For the past two years The Royal College of Art has been through administrative shake-ups which have led to the fusion of the different schools. The resulting cross-fertilisation of ideas has produced one of the liveliest shows in recent years. Michael Jo

This is the first year that the RCA’s architecture and interior design show has been integrated with furniture. This is a result of the relocation of the furniture school to share the architecture and interior design studios, and the two disciplines have been working alongside each other – if not actually in collaboration – during the year. In the absence of a professor of architecture since the resignation of Theo Crosby two years ago, responsibility for the school of architecture and interior design has fallen to professor of furniture, Floris van den Broeke.

For those who remember what happened to architecture at the RCA under Theo Crosby, this year’s output is a clear indication that his legacy has been effectively thrown off, opening the way for a new future under the incoming professor, Nigel Coates.

Any traces of following the classical orders of Crosby have disappeared completely. Flamboyant and varied exhibits of hot graphics, models and computer displays indicate a new sense of freedom in the definition and exploration of ambitious architectural and urban projects, which has attracted a variety of special mentions and external awards.

Indeed, you’d be hard put to unearth anything approaching the cool, modernist architectural vein which characterised past incarnations of the school in the times of James Gowan and John Miller. Schemes such as George Varelas’ housing for the homeless on the canal at Camden or Tiernan McCarthy’s scheme for a Post Office redevelopment at Earls Court take on a rare and slightly ethereal quality which jumps off the wall at you and forms a dazzling kaleidoscope of images more reminiscent of fast-moving TV graphics than conventional architectural representation.

This development is the result of the combination of architecture with interior design under the leadership of an interior designer assisted by an equal mixture of interior design and architect tutors. Compounded by the juxtaposition with the furniture school, the effect has been a cross-fertilisation of techniques of visualisation, representation and communication from the two disciplines which has benefited both sides. The architecture students on the course have possibly appreciated the freedom from the precision of their architectural schools, while the interior designers, coming from art colleges and colleges of further education, have welcomed the increased emphasis on planning, section and elevation.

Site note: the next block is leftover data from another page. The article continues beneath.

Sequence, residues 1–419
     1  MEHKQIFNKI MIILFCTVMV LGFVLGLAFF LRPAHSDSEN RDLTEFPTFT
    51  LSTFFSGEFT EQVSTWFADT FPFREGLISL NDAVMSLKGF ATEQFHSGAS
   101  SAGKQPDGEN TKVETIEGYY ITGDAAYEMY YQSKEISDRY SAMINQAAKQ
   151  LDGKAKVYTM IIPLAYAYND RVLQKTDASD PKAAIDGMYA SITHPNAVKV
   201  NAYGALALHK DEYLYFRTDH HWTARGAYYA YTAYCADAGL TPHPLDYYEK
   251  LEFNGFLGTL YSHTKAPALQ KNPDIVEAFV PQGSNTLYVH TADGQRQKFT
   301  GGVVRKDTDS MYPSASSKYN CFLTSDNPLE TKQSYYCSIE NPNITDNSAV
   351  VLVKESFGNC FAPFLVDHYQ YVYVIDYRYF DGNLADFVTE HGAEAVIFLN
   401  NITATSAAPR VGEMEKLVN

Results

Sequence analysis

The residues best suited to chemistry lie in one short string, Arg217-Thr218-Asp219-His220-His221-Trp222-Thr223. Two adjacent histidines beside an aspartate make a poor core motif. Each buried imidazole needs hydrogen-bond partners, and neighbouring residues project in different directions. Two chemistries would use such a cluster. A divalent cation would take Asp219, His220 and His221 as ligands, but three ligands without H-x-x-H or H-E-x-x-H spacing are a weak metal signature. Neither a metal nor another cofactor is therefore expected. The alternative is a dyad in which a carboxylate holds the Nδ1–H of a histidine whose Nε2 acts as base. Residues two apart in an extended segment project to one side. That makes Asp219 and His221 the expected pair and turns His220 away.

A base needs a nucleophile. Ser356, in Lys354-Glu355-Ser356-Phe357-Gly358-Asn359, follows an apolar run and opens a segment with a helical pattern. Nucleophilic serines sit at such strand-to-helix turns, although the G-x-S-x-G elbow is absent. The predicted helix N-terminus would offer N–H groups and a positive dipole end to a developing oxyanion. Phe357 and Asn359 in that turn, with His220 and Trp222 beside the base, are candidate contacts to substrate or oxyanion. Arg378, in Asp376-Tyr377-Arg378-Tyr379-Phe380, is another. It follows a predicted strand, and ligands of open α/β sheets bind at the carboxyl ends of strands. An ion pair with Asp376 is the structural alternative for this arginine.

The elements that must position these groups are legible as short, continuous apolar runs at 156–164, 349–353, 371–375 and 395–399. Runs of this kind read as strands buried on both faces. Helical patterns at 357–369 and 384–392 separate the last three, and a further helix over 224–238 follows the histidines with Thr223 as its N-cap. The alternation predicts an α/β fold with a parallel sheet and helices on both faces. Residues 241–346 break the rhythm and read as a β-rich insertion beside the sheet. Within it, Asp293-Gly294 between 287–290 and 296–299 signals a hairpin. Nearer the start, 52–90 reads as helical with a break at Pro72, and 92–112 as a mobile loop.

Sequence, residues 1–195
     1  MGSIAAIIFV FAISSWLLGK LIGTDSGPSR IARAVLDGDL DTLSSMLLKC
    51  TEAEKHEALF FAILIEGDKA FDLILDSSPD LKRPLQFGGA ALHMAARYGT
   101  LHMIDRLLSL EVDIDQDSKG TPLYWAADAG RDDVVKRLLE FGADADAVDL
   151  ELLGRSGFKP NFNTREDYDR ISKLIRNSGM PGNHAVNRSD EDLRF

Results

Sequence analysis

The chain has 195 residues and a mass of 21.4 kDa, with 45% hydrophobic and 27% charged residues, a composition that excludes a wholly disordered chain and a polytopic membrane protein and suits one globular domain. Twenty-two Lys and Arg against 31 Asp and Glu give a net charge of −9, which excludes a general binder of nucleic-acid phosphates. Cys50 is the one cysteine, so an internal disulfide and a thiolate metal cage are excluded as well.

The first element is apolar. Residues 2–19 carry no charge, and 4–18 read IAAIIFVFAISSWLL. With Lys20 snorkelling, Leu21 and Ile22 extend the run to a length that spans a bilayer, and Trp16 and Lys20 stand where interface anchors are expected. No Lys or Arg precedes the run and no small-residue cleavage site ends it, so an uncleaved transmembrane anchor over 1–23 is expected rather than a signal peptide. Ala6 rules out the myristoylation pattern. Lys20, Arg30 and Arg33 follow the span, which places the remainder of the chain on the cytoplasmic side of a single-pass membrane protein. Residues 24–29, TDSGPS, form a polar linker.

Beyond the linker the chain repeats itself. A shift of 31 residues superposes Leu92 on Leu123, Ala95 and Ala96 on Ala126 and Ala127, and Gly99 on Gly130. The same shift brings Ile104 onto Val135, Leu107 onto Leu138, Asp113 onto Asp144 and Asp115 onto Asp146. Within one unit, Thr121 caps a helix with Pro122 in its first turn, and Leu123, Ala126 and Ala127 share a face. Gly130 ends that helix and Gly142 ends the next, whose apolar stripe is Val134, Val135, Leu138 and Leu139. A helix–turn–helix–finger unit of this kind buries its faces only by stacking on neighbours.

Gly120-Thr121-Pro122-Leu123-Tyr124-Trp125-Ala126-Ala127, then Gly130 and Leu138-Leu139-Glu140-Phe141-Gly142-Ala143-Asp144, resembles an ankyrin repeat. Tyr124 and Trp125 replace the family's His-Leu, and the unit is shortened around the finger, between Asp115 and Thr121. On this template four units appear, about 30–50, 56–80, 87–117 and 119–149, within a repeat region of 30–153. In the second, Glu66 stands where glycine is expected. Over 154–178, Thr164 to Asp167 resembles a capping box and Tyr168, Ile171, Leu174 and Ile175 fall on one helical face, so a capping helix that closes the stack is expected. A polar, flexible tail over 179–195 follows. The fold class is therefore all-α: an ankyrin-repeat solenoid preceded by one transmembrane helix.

You could argue that these developments bring the course more into line with the true nature of the RCA than a more conventional academic architectural course could be. After all, the architecture course at the RCA is unique in the fact that it is one of the very few post-graduate architecture courses in the country existing within a multi-disciplinary college of art and applied arts. It seems appropriate then that the study of architecture should display a strong bent towards craft and realisation which does not necessarily exist in other schools, while for interior designers the opportunity to study at advanced level alongside architects is equally rare. Forging closer links with the furniture school seems a logical step in the development of a broader approach to the design of buildings inside and out. A tightly directed intellectual agenda can be replaced by a free-ranging three-dimensional crafts approach.

This trend seems set to continue with the arrival of Coates, who has revealed that he “will not write briefs”. Indeed, his selection over other contenders for the post – including Florian Beigel, John McAslan, Kit Allsop, and Fred Scott – indicates a positive decision on the part of the RCA to move away from a strictly architectural approach and towards a more intuitive, all-round design approach.

Coates’ own decision to stand for the professorship at the RCA rather than try again for the Chairmanship of the Architectural Association, where he studied and taught, and with which he had largely identified himself, seems indicative – not just because of the difference in scale of the operations (the total number of RCA students from both years is not much bigger than one AA unit).

In his own practice, Coates has embraced a design approach based on a lively, unpredictable interaction of art, architecture and interior design, which he will no doubt transmit to the multi-disciplinary context of the RCA.

Clare Melhuish is a regular contributor to Design Week.

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